Sunday, February 16, 2014

"The Everything Store: Jeff Bezos and the Age of Amazon" by Brad Stone

The Everything Store: Jeff Bezos and the Age of Amazon by Brad Stone was a thoroughly reported and well written look at Bezos and what the company he founded has done so far.

Amazon is described in the book as a hugely challenging place to work at and Bezos someone who can be difficult to work for. That said, it was interesting to read of how Bezos would hire really smart people into the company and then find something for them to work on. Also fascinating to me about working at Amazon is per direction from Bezos, PowerPoint presentations are never done within the company. Instead six page narratives are written, with meetings beginning by everyone reading the narrative. The idea behind the narrative documents is both keep the focus on customers by having them be like a press release and to encourage employees to critically think through an idea.

One interesting thing from the introduction to the book was a conversation between Bezos and Brad Stone with the author being asked how he'll handle the narrative fallacy, a concept written about by Nassim Nicholas Taleb, a noted statistician and writer who has decried the propensity people have for seeking simple explanations for complex events, when in reality there's often many factors, including those of the random variety. The response Stone wrote into the introduction was one that seems a good idea in many pursuits, in putting the book together given this narrative fallacy idea he wanted to "acknowledge it's potential influence and plunge ahead anyways."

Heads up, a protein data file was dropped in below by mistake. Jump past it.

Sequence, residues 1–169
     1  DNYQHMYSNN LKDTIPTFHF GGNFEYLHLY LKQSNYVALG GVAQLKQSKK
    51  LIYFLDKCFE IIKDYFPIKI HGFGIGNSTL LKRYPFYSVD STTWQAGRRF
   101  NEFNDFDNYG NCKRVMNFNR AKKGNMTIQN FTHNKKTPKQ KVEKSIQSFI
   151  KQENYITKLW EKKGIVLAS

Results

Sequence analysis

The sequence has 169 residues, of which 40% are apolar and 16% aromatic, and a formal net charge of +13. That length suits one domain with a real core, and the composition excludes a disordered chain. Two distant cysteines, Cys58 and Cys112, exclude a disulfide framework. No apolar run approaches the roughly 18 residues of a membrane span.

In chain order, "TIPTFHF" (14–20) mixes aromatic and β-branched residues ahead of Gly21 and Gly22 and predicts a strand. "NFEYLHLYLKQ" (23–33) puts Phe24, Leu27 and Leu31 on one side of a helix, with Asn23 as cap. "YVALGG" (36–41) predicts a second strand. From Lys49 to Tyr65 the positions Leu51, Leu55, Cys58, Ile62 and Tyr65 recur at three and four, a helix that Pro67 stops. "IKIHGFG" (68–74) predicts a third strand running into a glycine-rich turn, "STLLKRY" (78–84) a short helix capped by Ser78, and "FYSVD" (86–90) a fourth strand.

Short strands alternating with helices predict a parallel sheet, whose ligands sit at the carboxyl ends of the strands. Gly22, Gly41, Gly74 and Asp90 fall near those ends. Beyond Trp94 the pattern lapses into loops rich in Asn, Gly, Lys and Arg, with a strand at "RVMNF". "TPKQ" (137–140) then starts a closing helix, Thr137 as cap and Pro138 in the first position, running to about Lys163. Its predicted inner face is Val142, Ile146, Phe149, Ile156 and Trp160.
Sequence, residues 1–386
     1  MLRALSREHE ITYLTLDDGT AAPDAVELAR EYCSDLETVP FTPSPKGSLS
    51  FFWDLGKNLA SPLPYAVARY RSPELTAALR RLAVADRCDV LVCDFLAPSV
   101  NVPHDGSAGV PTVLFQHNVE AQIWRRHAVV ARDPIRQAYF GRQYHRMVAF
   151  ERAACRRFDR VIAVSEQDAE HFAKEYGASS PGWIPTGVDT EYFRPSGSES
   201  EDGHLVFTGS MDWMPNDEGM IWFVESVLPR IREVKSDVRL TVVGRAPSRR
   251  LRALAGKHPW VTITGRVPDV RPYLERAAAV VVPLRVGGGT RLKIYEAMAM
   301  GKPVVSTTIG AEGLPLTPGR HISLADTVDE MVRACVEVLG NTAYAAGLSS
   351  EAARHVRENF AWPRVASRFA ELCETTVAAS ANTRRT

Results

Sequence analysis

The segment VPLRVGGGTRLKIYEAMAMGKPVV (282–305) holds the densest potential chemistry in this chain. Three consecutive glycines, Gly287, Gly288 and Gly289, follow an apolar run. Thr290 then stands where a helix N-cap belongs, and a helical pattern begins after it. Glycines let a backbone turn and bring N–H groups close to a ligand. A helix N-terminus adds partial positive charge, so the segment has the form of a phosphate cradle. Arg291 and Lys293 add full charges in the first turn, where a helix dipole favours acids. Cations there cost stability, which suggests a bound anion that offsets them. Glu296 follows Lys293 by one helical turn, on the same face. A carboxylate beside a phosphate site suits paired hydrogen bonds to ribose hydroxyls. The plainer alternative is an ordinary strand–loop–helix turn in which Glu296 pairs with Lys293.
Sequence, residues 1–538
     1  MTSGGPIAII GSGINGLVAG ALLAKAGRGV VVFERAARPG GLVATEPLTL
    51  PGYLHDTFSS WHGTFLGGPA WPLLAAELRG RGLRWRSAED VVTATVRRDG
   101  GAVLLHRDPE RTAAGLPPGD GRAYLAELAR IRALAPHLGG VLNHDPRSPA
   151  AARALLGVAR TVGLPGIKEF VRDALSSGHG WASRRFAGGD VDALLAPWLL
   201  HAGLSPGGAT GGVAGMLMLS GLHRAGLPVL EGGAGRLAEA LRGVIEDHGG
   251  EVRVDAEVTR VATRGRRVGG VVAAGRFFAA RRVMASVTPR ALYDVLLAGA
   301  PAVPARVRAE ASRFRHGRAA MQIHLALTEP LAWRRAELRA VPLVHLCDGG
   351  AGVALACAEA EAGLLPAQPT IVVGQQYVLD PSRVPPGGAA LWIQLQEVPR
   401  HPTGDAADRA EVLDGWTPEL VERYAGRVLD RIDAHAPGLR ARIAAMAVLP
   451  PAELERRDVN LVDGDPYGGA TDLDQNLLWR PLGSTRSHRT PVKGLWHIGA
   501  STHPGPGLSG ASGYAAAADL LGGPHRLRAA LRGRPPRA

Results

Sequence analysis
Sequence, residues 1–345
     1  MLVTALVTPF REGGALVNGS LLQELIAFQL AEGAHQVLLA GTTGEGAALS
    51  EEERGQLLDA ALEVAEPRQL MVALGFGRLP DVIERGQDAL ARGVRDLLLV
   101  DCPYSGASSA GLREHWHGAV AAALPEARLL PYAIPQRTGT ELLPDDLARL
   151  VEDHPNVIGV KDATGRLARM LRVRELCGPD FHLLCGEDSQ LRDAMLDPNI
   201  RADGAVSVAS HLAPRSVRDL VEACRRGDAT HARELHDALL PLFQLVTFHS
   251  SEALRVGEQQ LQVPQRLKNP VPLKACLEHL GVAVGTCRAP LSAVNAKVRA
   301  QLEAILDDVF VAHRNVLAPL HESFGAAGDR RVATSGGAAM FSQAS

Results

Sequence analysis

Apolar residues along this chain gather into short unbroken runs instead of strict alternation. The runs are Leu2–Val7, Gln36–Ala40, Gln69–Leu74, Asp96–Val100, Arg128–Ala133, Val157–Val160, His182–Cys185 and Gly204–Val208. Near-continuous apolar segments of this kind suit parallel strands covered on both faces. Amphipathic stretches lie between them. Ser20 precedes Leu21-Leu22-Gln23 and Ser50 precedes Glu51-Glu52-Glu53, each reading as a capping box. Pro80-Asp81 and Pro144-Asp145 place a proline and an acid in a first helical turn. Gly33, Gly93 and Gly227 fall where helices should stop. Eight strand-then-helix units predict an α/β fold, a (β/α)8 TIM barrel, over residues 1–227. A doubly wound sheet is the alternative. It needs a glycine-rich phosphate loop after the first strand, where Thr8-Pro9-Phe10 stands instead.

Another author that Stone referenced Bezos influenced by is Clayton Christensen who wrote The Innovator's Dilemma about how companies are afraid to threaten or cannibalize their existing markets, with The Everything Store referencing how brick and mortar companies like Barnes & Noble and Wal-Mart fell into this trap, contributing in large part to the success of Amazon.

Also of note to me was how when Bezos would set low prices for products or services (as Amazon often manically does) it would be for a variety of reasons, ranging from simply providing the lowest customer price to putting pressure on a competitor and/or acquisition target to the fascinating to me idea of not pricing too high lest high margins bring in more competition.

Overall, it was a fast read and interesting business book from Stone.